This report describes an extensive malware, phishing, and disinformation campaign active in several Latin American countries, including Ecuador, Argentina, Venezuela, and Brazil. The nature and geographic spread of the targets seems to point to a sponsor, or sponsors, with regional, political interests. The attackers, whom we have named Packrat, have shown a keen and systematic interest in the political opposition and the independent press in so-called ALBA countries (Bolivarian Alternative for the Americas), and their recently allied regimes.
This report provides a detailed analysis of two products sold for facilitating targeted surveillance known as network injection appliances. These products allow for the easy deployment of targeted surveillance implants and are being sold by commercial vendors to countries around the world. Compromising a target becomes as simple as waiting for the user to view unencrypted content on the Internet.
We analyze a newly discovered Android implant that we attribute to Hacking Team and highlight the political subtext of the bait content and attack context. In addition, we expose the functionality and architecture of Hacking Team’s Remote Control system and operator tradecraft in never-before published detail.
German Deputy Prime Minister Sigmar Gabriel has announced that Germany will cease to export surveillance technology to a group of countries that includes Turkey, on the grounds that this technology is being used as a means to suppress the citizens of these countries.
Citizen Lab’s Morgan Marquis-Boire spoke to Süddeutsche Zeitung (Germany’s largest daily paper) about the use of so-called “lawful intercept” technology as tools surveillance.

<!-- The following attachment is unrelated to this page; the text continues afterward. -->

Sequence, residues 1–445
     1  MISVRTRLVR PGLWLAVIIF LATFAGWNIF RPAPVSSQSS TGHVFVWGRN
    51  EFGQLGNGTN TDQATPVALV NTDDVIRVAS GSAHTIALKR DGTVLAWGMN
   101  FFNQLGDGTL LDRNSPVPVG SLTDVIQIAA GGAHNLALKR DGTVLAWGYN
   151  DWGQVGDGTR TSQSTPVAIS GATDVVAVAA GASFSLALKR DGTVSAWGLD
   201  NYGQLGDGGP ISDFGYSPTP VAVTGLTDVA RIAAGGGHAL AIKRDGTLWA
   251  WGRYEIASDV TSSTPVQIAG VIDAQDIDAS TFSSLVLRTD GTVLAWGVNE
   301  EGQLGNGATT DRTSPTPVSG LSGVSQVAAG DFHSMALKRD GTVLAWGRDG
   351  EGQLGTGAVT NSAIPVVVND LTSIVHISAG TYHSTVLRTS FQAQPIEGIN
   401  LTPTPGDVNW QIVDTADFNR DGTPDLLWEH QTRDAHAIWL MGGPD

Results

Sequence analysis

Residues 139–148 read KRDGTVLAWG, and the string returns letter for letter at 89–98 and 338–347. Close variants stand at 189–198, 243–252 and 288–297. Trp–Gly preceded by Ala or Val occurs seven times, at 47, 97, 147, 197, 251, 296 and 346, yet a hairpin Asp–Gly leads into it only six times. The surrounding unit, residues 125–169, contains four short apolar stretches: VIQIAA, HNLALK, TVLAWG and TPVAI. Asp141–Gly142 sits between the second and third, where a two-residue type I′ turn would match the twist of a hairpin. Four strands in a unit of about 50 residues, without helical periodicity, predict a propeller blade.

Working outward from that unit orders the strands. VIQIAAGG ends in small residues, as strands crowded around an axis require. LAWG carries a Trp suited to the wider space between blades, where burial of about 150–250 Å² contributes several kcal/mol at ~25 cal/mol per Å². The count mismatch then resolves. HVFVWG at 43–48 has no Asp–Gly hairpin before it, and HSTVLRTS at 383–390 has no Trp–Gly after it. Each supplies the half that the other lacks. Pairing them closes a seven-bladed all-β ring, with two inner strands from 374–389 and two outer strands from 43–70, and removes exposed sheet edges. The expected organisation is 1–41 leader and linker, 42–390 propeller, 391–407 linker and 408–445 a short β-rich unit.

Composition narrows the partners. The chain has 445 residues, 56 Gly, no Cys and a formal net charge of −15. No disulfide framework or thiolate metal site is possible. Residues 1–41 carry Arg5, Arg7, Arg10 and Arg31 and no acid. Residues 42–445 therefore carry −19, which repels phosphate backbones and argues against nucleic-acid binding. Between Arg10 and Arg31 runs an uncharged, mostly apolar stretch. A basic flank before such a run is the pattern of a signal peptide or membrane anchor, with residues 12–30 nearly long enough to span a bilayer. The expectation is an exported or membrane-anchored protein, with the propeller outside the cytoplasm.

In 2012, together with Eva Galperin from the EFF, Citizen Lab researchers Morgan Marquis-Boire and Seth Hardy identified the use of BlackShades in the targeting of opposition forces in Syria. This work has been featured in the recent coverage of the world wide “BlackShades busts” by the Washington Post, the Daily Beast, The Telegraph, and ThreatPost.
Citizen Lab’s Ron Deibert and Morgan Marquis-Boire spoke at Berlin’s recent Re:Publica conference on technology and culture which drew 6,000 attendees.
Morgan Marquis-Boire’s talk was featured in the Die Zeit (Germany’s largest weekly) and Der Spiegel.
This report outlines an extensive US nexus for a network of servers forming part of the collection infrastructure of Hacking Team’s Remote Control System. The network, which includes data centers across the US, is used to obscure government clients of Hacking Team. It is used by at least 10 countries ranging from Azerbaijan and Uzbekistan to Korea, Poland and Ethiopia. In addition we highlight an intriguing US-only Hacking Team circuit.
This post is the second in a series of posts that focus on the global proliferation and use of Hacking Team’s RCS spyware, which is sold exclusively to governments.
In this report, we identified three instances where Ethiopian journalist group ESAT was targeted with spyware in the space of two hours by a single attacker. In each case the spyware appeared to be RCS (Remote Control System), programmed and sold exclusively to governments by Milan-based Hacking Team.
In this report, Citizen Lab researchers Morgan Marquis-Boire and John Scott-Railton and EFF Global Policy Analyst Eva Galperin outline how pro-government attackers have targeted the Syrian opposition, as well as NGO workers and journalists, with social engineering and “Remote Access Tools” (RAT)